TiVo may look back on 2006 and 2007 as a pivotal period in its history. The company began digging itself out of the red in its fourth quarter. And though TiVo's DBS partner turned on it last year, the company began to find solace within the cable industry.
For the fourth quarter, TiVo's service and technology revenues increased 22 percent to $57.4 million. That helped cut the company's loss to $18.7 million, down from $21.1 million in Q4 2005. The company plans to break even - on an EBITDA basis - in 2008.
TiVo-owned subscription gross additions were 163,000, increasing overall TiVo-owned subscriptions to 1.7 million. DirecTV still accounts for a million more TiVo boxes than TiVo has sold itself - 2.7 million, though diminishing with churn. The DBS company is turning to a DVR of its own and is phasing out the TiVo boxes.
In response, TiVo turned around and signed agreements last year with Comcast, Cox Communications, and Cablevisión Mexico. TiVo said Comcast has already begun trials with a TiVo-based DVR. TiVo also unveiled its Series3 High Definition Digital Media Recorder, among the first CableCARD-compatible consumer electronics products.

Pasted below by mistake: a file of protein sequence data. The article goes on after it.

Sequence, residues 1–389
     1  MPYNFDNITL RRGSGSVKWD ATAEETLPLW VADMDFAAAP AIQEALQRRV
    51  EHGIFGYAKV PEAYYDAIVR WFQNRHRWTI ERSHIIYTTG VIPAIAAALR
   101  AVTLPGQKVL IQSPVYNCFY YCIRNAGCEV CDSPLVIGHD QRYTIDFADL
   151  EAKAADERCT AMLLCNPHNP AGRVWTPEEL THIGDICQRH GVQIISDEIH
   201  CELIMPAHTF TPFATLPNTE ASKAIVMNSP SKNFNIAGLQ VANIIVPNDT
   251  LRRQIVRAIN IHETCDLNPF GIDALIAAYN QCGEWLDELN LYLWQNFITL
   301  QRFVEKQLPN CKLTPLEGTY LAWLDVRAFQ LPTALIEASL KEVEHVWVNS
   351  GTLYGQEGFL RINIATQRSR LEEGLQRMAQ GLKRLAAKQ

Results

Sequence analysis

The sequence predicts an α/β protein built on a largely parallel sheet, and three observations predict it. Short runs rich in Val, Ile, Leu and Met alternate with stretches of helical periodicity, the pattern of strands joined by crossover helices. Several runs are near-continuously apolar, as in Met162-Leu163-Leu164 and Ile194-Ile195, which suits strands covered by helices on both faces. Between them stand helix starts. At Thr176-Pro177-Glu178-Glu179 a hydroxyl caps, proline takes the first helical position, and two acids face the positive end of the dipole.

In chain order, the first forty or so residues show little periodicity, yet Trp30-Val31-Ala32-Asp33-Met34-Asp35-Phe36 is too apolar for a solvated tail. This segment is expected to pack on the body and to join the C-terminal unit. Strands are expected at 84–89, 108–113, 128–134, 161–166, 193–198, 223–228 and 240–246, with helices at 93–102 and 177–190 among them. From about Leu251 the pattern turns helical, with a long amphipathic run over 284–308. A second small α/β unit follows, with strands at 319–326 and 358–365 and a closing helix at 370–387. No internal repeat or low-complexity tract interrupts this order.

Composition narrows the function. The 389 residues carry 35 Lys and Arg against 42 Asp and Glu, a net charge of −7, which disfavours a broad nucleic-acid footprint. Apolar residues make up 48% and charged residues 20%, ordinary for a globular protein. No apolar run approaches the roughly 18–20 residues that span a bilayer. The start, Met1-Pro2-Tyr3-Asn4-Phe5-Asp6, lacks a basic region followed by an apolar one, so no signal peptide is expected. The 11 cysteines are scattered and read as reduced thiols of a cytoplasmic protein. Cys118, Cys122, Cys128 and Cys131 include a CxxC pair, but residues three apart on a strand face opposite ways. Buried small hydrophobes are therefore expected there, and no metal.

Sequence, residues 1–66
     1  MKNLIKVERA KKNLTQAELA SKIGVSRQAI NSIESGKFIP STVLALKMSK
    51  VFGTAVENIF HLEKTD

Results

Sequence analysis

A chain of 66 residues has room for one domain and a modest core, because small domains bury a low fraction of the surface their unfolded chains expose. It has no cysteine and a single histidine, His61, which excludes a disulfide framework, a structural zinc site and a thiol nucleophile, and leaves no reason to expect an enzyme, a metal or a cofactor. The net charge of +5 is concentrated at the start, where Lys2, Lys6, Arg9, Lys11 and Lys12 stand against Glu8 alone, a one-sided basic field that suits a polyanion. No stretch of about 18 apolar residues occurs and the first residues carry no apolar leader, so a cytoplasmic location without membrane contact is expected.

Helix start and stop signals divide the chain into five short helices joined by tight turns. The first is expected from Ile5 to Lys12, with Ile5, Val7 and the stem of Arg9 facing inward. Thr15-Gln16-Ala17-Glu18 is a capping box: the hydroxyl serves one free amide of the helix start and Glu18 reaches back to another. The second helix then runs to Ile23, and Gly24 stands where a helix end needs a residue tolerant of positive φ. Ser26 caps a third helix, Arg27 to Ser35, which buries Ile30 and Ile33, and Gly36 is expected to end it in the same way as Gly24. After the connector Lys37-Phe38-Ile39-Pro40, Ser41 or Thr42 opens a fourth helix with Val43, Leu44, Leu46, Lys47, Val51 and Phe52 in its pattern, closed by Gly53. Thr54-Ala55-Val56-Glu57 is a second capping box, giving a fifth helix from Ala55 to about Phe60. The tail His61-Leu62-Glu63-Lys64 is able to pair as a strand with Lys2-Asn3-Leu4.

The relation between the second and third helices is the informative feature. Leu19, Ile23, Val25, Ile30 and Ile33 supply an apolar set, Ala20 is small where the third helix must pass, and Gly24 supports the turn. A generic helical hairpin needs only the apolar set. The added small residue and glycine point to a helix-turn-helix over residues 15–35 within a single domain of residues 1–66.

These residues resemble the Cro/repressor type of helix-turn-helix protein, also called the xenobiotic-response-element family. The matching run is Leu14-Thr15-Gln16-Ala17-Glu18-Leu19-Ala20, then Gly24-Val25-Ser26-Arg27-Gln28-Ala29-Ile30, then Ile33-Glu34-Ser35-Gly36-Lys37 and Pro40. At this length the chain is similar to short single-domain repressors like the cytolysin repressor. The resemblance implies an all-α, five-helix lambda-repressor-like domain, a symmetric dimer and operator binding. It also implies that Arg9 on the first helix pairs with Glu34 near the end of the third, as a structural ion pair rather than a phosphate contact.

In recent months, TiVo also began providing broadband content through direct downloads. Within the last few days, TiVo turned on the Unbox video service it announced last month with Amazon.com. TiVo announced a similar deal with Earthlink just yesterday (story here).
During the fourth quarter, TiVo wanted to get rid of its inventory of single-tuner models, which it did through a promotion in which it gave away the boxes, but increased the price of the TiVo service.
"We learned the concept of a free after mail-in rebate offer in retail is not as compelling as a free online offer, and there are clear limits to using subsidies to grow volumes in retail," CEO Tom Rogers said in a statement. As a result: no more free giveaways, a decision that heartened analysts.